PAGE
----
Safety of daughter came first
Mother who caused stir on cycling lane at Charlottetown’s Victoria Park says she’ll be back and will follow the rules
A Fort Augustus mother who caused a stir over the cycling lane at Victoria Park in Charlottetown says she intends to follow the rules
Earlier this week, Kayla Hainer, a mother of three young children, was walking one child in a stoller while her mother was walking another child in a separate stroller as her third child rode her bicycle in the cycling lane.
Strollers are prohibited on the cycling lane.
While they were walking, and riding, a woman came along and accosted Hainer for walking strollers in the cycling lane. It has since become a big topic of conversation, especially on The Guardian’s Facebook page.
“I am flabbergasted because I didn’t realize there would be so much controversy,’’ Hainer said Friday. “For me, it was a big safety issue. I couldn’t have my 10-year-old daughter on (the cycling lane) while I walked on the boardwalk.’’
Hainer knew if she had used the boardwalk and had her daughter cycling with her that people would have been upset about a bicycle being on the boardwalk where it’s not allowed.
“I had to choose what was best and being beside her and being her alert system was the best thing for me. I had to make a parental decision where I wanted my child safe and that was the bottom line.’’
The City of Charlottetown issued a news release on Friday reminding people of acceptable uses on the cycling lane. Allowable uses include bicycles, rollerblades, scooters, skateboards, inline skates and other self-propelled wheeling devices. For safety reasons, walkers and runners, including those pushing a stroller or walking a pet, are not permitted.
The only scenario where the parks and recreation department feels it is appropriate for a walker to be on the cycling lane would be in the case of a parent or guardian providing “concentrated assistance to walk alongside a young cyclist’’.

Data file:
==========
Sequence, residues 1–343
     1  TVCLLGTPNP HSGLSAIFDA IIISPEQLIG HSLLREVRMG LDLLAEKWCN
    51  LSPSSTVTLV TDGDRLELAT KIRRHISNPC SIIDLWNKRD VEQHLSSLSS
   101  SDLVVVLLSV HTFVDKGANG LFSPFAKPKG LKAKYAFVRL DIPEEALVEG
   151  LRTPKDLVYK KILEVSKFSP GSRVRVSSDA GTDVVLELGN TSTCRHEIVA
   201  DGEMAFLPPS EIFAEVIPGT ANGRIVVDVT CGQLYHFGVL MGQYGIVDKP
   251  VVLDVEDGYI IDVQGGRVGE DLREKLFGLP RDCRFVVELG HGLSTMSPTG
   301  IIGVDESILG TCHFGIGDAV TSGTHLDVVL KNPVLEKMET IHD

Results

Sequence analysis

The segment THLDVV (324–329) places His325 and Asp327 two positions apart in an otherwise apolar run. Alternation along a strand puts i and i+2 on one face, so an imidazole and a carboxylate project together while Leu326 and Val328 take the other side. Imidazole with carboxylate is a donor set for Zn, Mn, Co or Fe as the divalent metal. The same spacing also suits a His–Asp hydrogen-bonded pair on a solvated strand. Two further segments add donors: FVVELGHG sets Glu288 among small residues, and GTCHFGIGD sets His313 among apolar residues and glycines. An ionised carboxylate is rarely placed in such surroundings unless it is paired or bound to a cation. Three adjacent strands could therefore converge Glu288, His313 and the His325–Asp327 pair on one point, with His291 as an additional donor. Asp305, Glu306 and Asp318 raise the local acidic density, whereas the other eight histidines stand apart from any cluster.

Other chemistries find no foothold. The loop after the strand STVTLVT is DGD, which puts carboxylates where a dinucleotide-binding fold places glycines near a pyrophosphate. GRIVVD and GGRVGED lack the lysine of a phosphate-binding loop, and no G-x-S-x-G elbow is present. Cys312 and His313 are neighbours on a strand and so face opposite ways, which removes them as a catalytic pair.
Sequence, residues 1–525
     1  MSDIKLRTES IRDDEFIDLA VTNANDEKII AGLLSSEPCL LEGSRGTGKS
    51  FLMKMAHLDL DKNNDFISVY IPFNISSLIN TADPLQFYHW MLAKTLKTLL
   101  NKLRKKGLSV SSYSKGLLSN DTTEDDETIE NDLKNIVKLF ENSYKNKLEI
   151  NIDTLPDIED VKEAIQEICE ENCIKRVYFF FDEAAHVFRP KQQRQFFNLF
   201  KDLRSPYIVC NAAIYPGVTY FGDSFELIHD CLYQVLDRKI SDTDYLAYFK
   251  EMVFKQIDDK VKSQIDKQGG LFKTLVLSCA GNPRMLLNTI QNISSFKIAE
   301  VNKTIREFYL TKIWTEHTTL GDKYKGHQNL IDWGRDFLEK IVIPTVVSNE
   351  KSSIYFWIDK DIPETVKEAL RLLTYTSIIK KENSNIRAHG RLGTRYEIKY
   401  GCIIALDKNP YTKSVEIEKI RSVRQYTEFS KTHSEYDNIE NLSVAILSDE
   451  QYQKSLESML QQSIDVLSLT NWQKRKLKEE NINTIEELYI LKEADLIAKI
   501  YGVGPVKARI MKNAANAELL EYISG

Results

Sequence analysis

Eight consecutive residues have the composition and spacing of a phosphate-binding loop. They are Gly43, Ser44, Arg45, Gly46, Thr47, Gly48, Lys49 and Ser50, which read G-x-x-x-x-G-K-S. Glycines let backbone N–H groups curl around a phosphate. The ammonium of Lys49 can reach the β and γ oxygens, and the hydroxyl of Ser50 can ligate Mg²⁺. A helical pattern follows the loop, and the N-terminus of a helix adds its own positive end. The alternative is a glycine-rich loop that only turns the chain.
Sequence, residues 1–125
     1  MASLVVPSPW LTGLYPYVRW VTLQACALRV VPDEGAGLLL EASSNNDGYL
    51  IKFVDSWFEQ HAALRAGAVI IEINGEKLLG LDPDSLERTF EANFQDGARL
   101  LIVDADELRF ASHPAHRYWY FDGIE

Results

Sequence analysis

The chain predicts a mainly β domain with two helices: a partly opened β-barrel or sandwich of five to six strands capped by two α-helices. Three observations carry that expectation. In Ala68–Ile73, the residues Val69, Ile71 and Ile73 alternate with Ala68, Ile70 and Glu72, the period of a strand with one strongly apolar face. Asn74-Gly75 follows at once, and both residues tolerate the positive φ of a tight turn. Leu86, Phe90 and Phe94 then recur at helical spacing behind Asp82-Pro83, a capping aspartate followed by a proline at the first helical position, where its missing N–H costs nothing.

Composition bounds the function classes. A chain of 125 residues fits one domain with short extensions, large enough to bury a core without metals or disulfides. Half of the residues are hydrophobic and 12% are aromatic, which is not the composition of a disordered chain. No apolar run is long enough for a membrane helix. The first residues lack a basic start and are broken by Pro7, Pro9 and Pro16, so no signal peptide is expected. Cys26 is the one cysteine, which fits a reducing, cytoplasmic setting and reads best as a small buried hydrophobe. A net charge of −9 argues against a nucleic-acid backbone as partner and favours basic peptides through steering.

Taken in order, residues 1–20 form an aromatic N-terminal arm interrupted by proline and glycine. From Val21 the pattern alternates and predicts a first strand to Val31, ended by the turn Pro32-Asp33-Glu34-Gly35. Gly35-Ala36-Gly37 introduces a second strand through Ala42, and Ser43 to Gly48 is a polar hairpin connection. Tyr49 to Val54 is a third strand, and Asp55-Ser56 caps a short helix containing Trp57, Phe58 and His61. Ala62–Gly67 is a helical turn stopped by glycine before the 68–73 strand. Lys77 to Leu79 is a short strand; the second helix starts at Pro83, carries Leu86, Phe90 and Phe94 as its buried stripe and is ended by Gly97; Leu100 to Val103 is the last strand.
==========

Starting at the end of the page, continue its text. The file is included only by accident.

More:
Coun. Mitchell Tweel, chairman of the parks and recreation committee, addressed the confusion.
“Our main concern is safety for all users of the park, and that is why we have posted signs to clearly display what types of active transportation are permitted,’’ Tweel said.
“We continue to encourage young cyclists to use the cycling lane and get used to cycling on a roadway type surface. In some cases, this means a parent or guardian walking beside the child.’’
The public works department will be painting a centre line on the newly paved section of the cycling lane next week to help control the traffic and allow users the appropriate space to travel both directions.
Hainer said this experience hasn’t soured her on Victoria Park.
“Oh, of course,’’ she said when asked if she’d be back. “We love Victoria Park.’’
However, next time if she needs to push the stroller and has the daughter on her bike she’ll take Cycling P.E.I.’s advice and use the path above the cycling lane. The path is paved between Fanningbank and the band shell while the other half is hard-packed clay.
Or, she’ll simply find a babysitter for her youngest two, take her own bicycle and cycle with her daughter.